The thread of time

Like a single thread of yarn stretching into the void of history, attached to solid mooring of ancestral days, unraveling ever on toward the future. The thread connects all of us, from the simplest peasant to the grandest king, past, present, and future. Every beautiful life hangs as a colorful flag on that thread, gently waving in the breeze of time.

My back porch

Cars pass by sending mist up into the night. Slowly, slowly, the moon creeps up over the mountain’s edge, casting pale light onto the peaceful valley, painting soft texture into shadows in the back parking lot of Jerry’s Place. My perch, about 15 feet up from the ground, is a perfect alcove of serenity in the midst of a pretty chaotic existence down below.

Maybe We Were Meant to Run Away

Travel: a temporary cure to a hereditary existence. I travel, for brief respite from my pain; but, like scratching an itch, the longing becomes stronger after the respite. There is nothing quite the same, as an open road ahead of the car; there is nothing better than trees rushing by the window; or waking up to a new city.

Cooking with lemons

By ANDY CASTILLO There was a time, perhaps five years ago, when I thought a delicious homemade meal consisted of microwaveable rice, overcooked fish and a bag of steamed vegetables. As a youngster, staple meals were things like peanut butter sandwiches and oatmeal. Food was fuel. I attribute my evolution from Kraft mac and cheese […]

Eight Best Photographs of 2018

In this photograph (above) illustrating an article of mine published in the Daily Hampshire Gazette in October, Alia Starkweather, then 82, was leaving her clapboard cottage in Belchertown to embark on a new and exciting life on the road. She purchased a 1987 Toyota Minicruiser and set out on her own after Thanksgiving. I met Starkweather while writing […]

Crashing in the night

At night, back roads along Nova Scotia’s southern coast are treacherously dark and terrifyingly narrow, especially when fog rolls in off the ocean.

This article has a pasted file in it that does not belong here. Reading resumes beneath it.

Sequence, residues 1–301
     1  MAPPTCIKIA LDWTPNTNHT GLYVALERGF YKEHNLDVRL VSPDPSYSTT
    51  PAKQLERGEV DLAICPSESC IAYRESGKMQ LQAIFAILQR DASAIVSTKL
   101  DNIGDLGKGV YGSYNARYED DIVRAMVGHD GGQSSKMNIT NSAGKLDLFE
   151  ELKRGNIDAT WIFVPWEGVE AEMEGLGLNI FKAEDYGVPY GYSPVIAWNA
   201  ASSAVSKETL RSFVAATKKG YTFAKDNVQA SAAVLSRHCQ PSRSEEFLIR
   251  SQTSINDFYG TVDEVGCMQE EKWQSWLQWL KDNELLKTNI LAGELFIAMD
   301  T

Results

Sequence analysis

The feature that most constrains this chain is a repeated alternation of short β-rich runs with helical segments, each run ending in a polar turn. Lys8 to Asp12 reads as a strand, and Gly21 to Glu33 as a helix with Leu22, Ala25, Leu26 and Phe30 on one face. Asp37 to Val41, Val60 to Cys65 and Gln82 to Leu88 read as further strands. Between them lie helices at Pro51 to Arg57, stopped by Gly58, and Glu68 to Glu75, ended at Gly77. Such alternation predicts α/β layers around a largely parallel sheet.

Everything turns inky black.

That’s how it was around 12 a.m. one spring night in 2015, as I sleepily persevered behind the steering wheel toward Murphy’s Camping on the Ocean. Months before, my girlfriend, Brianna, and I had booked the camping destination online while planning a roadtrip through New England and northeastern Canada. We’d only seen vague pictures of pitched tents, ocean water, and campers; we didn’t know what to expect.

Bus terminal portals

The seeds of my obsession with traveling by bus were sown more than a decade ago in 2006, when I was 15, on a dirty tile floor in the heart of Pittsburgh, Pa. While on a cross country trip to Mo. with my Dad to see the oldest of my seven brothers, Peter, graduate Army Basic Training, we were snowed-in at the city’s Greyhound station for 28-hours. After the first day, the local Red Cross brought cots and distributed food vouchers. There weren’t enough cots, though, and I ended up sleeping on the floor instead, coat balled-up under my head, sweatshirt covering my face.

What is truth?

Thus, the pursuit of truth is the pursuit God, because at the end of every search for meaning and truth Jesus stands as the ultimate expression of both (Whether or not the seeker acknowledges his or her findings as such is a question investigated another time).

In light of that perspective, Jesus’ claim to Pilate suddenly becomes huge. And Pilate’s question takes on the same.